Meditations: June 24, Birth of Saint John the Baptist

Some reflections that can assist our prayer on the solemnity of the nativity of Saint John the Baptist.

  • God chooses each one for a mission
  • Preparing the way for Jesus
  • Humility in the apostolate

THE CHURCH usually commemorates the saints on the day of their going to heaven, which in the early times of Christianity often coincided with their martyrdom. However, Saint John the Baptist’s feast day has had a unique status since the Church’s first centuries, with his birth six months before that of Jesus also being celebrated. The Church has always known, through Scripture, that the Baptist was filled with the Holy Spirit from his mother’s womb (cf. Lk 1:15), when Mary visited her cousin Saint Elizabeth with our Lord already in her womb.

In the gospel today we read about the birth and naming of John the Baptist, events that invite us to consider the divine plan that precedes them. The Lord called me before I was born; while I was in my mother’s womb he named me (Is 49:1). These words of the prophet Isaiah express one of the deepest realities of human existence: we did not appear on this earth by chance, nor are we just another anonymous and irrelevant specimen of our species. Our coming into life is a call from God, a choice that promises happiness and a mission. He has created us as we are, with each of our special characteristics. He has pronounced our personal name, and wanted us to be unique and unrepeatable. For it was you who formed my inward parts; you knit me together in my mother’s womb, the Psalmist exclaims. I praise you, for I am fearfully and wonderfully made (Ps 139:13-14).

“God expects something from you, God wants something from you. God hopes in you. He is encouraging you to dream. He wants to make you see that, with you, the world can be different. For the fact is, unless you offer the best of yourselves, the world will never be different. This is the challenge.”[1] Saint Josemaría said that to deserve this light from God which gives meaning to our life, “we need to love. We have to be humble enough to realize we need to be saved, and say with Peter: ‘Lord, to whom shall we go? You have words of life everlasting.’ If we allow God's word to enter our hearts, we can truly say that we do not walk in darkness, for the light of God will shine out over our weakness and our personal defects, as the sun shines above the storm.”[2]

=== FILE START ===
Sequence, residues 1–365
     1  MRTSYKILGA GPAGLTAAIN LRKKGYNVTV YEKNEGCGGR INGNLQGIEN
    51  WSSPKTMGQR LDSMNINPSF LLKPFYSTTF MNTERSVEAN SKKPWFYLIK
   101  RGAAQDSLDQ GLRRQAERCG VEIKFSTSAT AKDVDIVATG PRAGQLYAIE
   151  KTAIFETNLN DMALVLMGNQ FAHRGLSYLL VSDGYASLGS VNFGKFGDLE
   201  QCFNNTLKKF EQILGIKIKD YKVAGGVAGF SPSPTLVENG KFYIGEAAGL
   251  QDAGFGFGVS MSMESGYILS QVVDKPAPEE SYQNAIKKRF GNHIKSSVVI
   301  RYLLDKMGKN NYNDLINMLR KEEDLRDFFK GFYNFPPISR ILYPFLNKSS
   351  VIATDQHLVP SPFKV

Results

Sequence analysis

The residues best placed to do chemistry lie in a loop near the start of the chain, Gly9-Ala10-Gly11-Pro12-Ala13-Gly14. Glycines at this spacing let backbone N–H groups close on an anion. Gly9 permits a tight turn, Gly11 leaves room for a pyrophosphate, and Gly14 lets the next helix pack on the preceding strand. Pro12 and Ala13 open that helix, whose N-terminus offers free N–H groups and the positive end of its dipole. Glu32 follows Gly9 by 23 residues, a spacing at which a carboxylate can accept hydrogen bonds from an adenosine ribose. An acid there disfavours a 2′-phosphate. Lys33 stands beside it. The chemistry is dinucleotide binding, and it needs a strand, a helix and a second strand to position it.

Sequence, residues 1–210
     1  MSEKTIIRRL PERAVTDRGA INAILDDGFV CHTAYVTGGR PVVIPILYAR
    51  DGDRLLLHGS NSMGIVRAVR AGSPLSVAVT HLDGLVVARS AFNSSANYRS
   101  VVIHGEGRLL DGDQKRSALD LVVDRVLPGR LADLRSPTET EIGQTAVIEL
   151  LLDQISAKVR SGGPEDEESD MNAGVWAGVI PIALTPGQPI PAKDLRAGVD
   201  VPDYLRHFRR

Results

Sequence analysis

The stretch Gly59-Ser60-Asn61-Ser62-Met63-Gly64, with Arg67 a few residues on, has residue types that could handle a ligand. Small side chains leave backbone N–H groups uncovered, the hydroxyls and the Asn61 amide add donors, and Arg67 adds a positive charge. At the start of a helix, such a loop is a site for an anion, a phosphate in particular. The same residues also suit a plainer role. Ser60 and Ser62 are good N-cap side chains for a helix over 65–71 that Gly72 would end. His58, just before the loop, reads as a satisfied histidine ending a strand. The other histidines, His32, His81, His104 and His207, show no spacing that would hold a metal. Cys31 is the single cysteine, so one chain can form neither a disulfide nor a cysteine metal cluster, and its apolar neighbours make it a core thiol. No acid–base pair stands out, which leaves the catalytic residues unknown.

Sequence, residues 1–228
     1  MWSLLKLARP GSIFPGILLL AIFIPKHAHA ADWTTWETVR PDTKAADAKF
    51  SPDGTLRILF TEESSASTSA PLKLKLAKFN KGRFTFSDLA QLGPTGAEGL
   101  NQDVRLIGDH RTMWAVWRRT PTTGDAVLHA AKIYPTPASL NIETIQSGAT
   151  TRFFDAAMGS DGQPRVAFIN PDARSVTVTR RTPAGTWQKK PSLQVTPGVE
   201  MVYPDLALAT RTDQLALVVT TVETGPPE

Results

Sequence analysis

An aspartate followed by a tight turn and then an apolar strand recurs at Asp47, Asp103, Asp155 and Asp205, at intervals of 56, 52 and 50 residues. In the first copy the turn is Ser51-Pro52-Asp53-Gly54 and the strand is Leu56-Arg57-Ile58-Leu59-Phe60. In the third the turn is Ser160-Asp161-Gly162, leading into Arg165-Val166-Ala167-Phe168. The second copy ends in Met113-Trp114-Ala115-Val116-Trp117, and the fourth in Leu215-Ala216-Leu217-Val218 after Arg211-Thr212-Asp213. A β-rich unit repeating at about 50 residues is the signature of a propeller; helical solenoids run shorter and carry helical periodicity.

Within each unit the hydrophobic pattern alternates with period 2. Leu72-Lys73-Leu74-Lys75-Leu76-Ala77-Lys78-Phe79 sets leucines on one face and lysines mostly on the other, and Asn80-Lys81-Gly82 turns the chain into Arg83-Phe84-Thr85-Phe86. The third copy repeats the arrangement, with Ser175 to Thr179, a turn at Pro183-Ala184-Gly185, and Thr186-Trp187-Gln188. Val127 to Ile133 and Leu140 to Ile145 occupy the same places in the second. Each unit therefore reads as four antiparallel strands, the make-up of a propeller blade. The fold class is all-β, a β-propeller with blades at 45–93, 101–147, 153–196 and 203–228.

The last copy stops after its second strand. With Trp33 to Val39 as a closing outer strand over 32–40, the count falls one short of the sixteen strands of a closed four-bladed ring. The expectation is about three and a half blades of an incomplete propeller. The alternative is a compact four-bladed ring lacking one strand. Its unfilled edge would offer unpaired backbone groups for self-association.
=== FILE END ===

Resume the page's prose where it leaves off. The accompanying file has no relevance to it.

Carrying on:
AND YOU, CHILD, will be called the prophet of the Most High, for you will go before the Lord to prepare his ways (Lk 1:76). These words spoken by Zechariah, which we repeat in the acclamation before the Gospel, reveal the inseparable union between vocation and mission, between calling and sending. For the greatness of John’s vocation resides in the unique importance of his mission. ”The greatest of men was sent to bear witness that Christ was more than a man,”[3] Saint Augustine said. And Origen adds another aspect of the Baptist’s vocation that continues to this day: “The mystery of John is still fulfilled in the world today. Anyone destined to believe in Christ must first have the spirit and power of John come into their soul to ‘make ready a people prepared for the Lord’ (Lk 1:17) and so that ‘the crooked shall be made straight, and the rough ways made smooth’ (Lk 3:5), the roughness of the human heart. Not only was this true in those times, but also today the spirit and strength of John precedes the coming of our Lord and Savior.”[4]